I’m addressing you directly, here, because I feel that’s what is appropriate. It always feels awkward to read about yourself and not have people directly talking to you about whatever it is they think is going on with you. Also, I think some of the conflicts going on that are related to you in the blogosphere are mostly because of you misunderstanding some elements of what is transpiring and I think that people trying to explain these things to you are missing important elements that might help you. Thus, I’m egotistical enough to think I can help.
In the United States, and in many other places around the world, some of the most terrifying crimes are crimes of opportunity. They don’t happen often for each individual, but they happen often enough that most of us are aware of at least someone who has experienced such a thing. Because of this, many of us are well aware of when we are vulnerable.
When you commented on Rebecca Watson’s experience, you pointed out that Rebecca was unharmed. You were not right, but you weren’t wrong, either. Instead, your response was rooted in a lack of understanding of the problem. No, she wasn’t hurt. She didn’t obtain a single physical injury from the encounter. Instead, she came away creeped out and a little afraid. The person who asked her for coffee may not have meant any harm. They probably had no idea that their desire to have coffee with her meant anything to anyone at all. That doesn’t mean, though, that Rebecca’s complaint was invalid. Her complaint is rooted in the fact that she was vulnerable and she was painfully aware of it. While it may not seem like it is the responsibility of this man to be aware of how uncomfortable he made someone, if he wants to have positive social interactions with women, in general, he should try to be aware of that kind of thing.
Rebecca’s complaint is not invalid because she thinks she should have some say over someone’s independent actions, her complaint is valid because in this context, in one where people are aware of what happens to others, even if it isn’t common, she was afraid and it is rational for her to have been afraid.
As for elevators, individuals don’t always have control over them. Just as alleyways can hide people from the view of onlookers, elevators can as well. And while there are buttons for an individual’s use, that pretty much assumes that in the event of someone being in danger, those buttons will be reachable and workable by her. That’s a pretty unfair assumption, isn’t it? Rebecca’s fear is based on what could possibly happen because she has reference points to similar things happening. In our society, people have been attacked in elevators; people do get harmed in situations that seem innocent. It may be rare, per capita, but it happens all the time. To make matters worse, there is no way to measure which person is well-intentioned and which is not. We simply don’t know. Not knowing is another reason why, even though she was safe, it is actually reasonable for Rebecca to be concerned.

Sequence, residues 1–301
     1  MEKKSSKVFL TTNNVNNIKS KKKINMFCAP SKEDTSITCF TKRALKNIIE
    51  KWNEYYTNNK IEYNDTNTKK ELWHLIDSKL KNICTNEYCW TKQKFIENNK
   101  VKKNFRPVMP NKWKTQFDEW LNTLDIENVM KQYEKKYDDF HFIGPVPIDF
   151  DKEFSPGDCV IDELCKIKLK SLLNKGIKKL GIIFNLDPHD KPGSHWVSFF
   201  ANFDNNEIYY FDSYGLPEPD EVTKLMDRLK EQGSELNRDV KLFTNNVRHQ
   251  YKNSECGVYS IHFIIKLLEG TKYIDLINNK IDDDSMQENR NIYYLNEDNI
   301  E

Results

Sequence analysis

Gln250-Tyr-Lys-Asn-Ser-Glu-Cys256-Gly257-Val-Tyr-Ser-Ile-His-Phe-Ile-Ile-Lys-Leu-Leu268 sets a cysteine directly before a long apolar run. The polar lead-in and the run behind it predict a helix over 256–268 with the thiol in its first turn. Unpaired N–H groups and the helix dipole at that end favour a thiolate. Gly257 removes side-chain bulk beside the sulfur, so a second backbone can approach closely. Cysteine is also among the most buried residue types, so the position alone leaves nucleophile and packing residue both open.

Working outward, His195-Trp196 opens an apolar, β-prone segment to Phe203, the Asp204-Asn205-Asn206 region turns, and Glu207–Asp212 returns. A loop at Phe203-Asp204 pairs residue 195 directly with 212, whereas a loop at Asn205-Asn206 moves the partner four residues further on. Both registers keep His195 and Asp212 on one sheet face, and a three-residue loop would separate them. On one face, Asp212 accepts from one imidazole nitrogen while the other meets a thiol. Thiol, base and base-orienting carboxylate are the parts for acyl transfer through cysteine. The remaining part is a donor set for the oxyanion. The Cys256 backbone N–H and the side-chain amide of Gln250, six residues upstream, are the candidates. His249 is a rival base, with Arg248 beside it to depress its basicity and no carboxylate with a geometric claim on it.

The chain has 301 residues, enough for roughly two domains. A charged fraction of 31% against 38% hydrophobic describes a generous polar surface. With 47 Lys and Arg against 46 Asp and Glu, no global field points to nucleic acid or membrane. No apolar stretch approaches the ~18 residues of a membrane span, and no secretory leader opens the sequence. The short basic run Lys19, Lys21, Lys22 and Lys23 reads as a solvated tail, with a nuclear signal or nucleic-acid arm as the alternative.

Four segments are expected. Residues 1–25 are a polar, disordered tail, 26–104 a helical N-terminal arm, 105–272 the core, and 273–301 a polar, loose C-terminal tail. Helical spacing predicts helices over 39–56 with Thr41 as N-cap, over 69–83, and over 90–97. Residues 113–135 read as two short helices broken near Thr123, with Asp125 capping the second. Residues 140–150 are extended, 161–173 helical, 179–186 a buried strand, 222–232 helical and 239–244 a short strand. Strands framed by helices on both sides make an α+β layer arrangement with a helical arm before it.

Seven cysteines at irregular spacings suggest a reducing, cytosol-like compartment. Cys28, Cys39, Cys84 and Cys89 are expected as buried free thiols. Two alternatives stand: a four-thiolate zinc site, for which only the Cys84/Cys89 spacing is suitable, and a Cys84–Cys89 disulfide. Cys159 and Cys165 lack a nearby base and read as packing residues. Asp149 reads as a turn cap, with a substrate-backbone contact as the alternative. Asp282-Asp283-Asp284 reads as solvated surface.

In reality, everyone should be aware of things like this. There is an abundance of men who take inappropriate action when they feel attracted to women. If they want to get to know someone better, their best chances are when they can be comfortable knowing they haven’t made the person they’re interested in uncomfortable. If she’s uncomfortable, she’s not going to be receptive to anything he has to offer.
It isn’t men, alone, who have to be aware of this problem, women might cross the same boundaries as well and that isn’t OK either. Being aware of the needs of others, including respecting personal boundaries is important to our social well being. A part of that includes being aware of if we could be perceived as dangerous.
As another example, imagine people who are out playing baseball. While it isn’t terribly likely that someone might be hit by a ball when they’re spectating from behind a fence, we don’t think they are worthy of ridicule when they move away as a ball hits the fence. We are aware that is a reflex and that it is there because accidents can happen and a ball flying at your face is a rational thing to be concerned about. Rebecca’s experience may have been extremely safe, but that doesn’t make her irrational for flinching, nor does it make her worthy of your ridicule.